Ron gets a petrified no-prize for bringing us this Discovery Channel On-line article detailing the discovery of three ancient anarctic forests. Dated to about 260 million years ago, these Permian stands of trees are very early examples of a deciduous species now long extinct.
What I find puzzling is, if I'm remembering my continental drift stuff correctly (no promises there), Antarctica may not have been at the south pole around 250 million years ago, which would seem to make the find rather less important for understanding ancient polar climates.
So, you probably didn't ask, how's the election playing in Iraq? Why not ask a soldier:
Saw more than a few online pundits wondering how the troops in Iraq were responding to the election results. 'How are they celebrating in Iraq?'
Glad you asked.
Well, the muck left behind by the past few day's rains has turned to dust, and brooms are the weapon of choice today. How are we marking the occasion? We're sweeping the dust off the ages off the floor of the tent so we can get back to business.
I had to verbally counsel one guy to please stop taunting a Democrat. He wasn't being mean about it but its just not done, get it? Then I talked to the other guy and asked if the guys were bugging him too much. "No" he said "I can handle it. We're all okay with each other."
Good. Good. See, the brotherhood of arms trumps political persuasion.
That said, I echo this question from Jonah Goldberg: "NOW THAT HE'S NOT USING IT... Can John Kerry please tell us what his super-duper special terrific secret plan to fix Iraq was?"
Is that fair? Is that mean? Unless everyone knows (nudge nudge) that there was never a plan?
Gloating? Us? We're not stupid, we're just linking up a damned funny post from someone who's getting shot at who just happens to agree with us.
Yeah, that's the ticket.
Slashdot yesterday, and now Fark today*, linked up this sneak preview trailer for the very last Dinsey-Pixar film, Cars. All I can say is, we have to wait a whole year for this?!? [Whoosh-crack!] You! Over there by the computer! Animate faster!
* So why link it? Well, they usually link our stuff a day or two later, figured we'd throw 'em a bone**.
** Delusions of grandeur? What are those?
There's incentive, and then there's incentive:
New York officials were red-faced on Friday after they discovered that clothing ads on city buses that appeared to promote reading suggested a love of books could be rewarded with oral sex.
I still listen to enough pop music that I can just about keep up with slang. Which, when coupled with my "white boy from Mars" diction, will give me yet another way to completely embarass my daughter in, oh, about 12 years.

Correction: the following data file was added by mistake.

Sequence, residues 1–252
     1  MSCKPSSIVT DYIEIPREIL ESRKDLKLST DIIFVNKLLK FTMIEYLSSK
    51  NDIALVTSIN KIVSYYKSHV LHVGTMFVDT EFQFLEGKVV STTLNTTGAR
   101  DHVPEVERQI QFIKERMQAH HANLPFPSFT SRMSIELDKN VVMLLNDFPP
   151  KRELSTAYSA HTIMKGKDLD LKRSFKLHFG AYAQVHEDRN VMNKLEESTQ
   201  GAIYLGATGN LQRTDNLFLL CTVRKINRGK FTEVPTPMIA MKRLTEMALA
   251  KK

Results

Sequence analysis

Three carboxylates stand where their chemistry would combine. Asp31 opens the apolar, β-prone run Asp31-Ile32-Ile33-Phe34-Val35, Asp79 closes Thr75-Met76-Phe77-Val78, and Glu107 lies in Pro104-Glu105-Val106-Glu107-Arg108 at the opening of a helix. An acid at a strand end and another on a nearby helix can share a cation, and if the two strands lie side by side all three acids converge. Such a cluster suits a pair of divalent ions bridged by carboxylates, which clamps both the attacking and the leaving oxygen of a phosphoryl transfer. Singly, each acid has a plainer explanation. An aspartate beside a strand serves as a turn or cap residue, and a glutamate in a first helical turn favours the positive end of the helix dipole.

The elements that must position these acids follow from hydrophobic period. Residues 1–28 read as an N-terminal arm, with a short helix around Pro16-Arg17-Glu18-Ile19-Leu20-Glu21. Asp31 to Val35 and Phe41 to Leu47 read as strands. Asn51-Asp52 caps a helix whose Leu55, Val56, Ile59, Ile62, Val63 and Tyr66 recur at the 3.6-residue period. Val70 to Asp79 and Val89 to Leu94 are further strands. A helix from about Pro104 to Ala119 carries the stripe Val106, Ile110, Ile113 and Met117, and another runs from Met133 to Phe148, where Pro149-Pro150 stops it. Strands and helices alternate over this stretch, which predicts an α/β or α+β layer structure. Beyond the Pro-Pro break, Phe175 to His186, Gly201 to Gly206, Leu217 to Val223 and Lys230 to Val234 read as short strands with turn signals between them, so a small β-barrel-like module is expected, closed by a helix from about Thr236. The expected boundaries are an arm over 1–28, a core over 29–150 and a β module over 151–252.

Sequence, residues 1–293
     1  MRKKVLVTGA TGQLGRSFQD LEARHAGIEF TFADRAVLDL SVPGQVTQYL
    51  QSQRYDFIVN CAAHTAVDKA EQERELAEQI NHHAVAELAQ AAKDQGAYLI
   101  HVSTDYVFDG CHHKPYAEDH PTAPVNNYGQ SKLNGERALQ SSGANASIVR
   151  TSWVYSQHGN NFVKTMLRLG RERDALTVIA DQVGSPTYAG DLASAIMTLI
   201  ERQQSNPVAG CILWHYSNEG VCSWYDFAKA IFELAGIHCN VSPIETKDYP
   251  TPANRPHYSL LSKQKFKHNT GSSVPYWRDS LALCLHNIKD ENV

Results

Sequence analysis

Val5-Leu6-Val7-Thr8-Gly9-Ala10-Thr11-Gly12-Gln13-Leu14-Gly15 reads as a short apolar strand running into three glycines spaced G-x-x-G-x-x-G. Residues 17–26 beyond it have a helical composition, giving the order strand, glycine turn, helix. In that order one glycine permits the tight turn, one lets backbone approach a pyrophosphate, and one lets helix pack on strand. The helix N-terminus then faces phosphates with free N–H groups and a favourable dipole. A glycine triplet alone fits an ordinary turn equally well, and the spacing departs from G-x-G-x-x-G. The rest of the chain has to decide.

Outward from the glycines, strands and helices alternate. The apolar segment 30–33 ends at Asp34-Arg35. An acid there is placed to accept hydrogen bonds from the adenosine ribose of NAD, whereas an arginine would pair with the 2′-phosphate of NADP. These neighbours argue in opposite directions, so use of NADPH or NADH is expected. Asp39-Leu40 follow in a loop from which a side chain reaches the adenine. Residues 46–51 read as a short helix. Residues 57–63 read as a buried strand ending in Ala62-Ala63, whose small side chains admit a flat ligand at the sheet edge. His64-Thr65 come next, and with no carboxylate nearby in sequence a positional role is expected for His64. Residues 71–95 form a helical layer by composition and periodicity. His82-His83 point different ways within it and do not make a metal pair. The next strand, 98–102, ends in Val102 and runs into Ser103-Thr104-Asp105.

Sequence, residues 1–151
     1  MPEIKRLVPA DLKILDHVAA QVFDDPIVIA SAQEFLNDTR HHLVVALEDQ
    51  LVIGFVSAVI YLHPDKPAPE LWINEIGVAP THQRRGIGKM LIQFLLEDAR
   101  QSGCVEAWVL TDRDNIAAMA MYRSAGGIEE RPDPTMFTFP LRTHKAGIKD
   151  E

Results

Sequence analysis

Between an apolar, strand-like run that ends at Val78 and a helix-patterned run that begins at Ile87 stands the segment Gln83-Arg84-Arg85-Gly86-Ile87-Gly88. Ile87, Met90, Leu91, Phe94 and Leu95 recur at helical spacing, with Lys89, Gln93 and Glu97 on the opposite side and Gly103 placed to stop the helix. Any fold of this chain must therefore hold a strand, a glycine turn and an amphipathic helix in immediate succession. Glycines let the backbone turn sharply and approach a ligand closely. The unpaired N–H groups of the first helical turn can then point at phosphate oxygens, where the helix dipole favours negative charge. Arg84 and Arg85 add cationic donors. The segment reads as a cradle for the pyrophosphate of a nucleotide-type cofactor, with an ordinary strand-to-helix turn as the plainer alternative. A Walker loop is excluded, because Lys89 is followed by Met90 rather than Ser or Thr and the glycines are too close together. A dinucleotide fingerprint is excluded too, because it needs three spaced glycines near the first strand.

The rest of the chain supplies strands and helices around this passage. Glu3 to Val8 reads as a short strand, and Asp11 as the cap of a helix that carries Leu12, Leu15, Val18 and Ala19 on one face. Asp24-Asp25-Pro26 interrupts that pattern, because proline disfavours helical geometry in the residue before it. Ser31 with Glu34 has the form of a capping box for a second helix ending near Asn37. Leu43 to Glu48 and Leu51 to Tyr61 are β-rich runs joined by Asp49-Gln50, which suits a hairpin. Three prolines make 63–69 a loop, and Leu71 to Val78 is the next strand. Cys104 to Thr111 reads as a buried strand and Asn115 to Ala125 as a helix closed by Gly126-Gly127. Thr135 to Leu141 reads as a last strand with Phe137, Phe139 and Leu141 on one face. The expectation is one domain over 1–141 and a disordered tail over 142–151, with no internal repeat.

The left continues its transition through the five stages of grief with this absolutely pitiful site. Yeah, I know, it's supposed to be a joke. I stopped laughing at stuff like this, oh, about three years ago. They don't want our apologies you stupid simpering twits, they want our heads.
And I'm sorry, I really don't care why they want them anymore. That part stopped mattering at around the same time. No, I won't just get over it. I won't just get over it for a very, very long time. Which is why I'm going to do my best to see that you and yours can do nothing more than whine to the rest of the world. That way all they can do is laugh at you.
Oh yes, I know they'll be laughing at me harder. Hell I'll laugh with them. As long as they stay on their side of the goddamned fence, that is.
See you in two years!
The Mars Express orbiter recently completed an extensive survey of the giant Valley Marineris system, and has found strong evidence that glaciers once filled some of its valleys. The report also includes notes about the upcoming deployment of (and the dangers involved in) the Mars Advanced Radar for Subsurface and Ionosphere Sounding, or MARSIS, an instrument that should be able to find evidence of water even if it's very deep under the surface of the planet. Finally, there is also a brief discussion of developments regarding the failed Beagle probe team's efforts at launching a follow-up mission.
The article includes several tres-cool pictures of various parts of the Marineris complex.
Boys raised by wolves, dogs raised by cats, and now rats raised by birds???
Rottie the rat thinks he is a bird... But it comes as no surprise when one realises that Madam and Tokkelos, two lovebirds, are raising this rodent.
There's interesting times, and then there's interesting times.
Joshua gets a fishy no-prize for making me realize that suddenly, I'm even less inclined to shoot the Potomac rapids: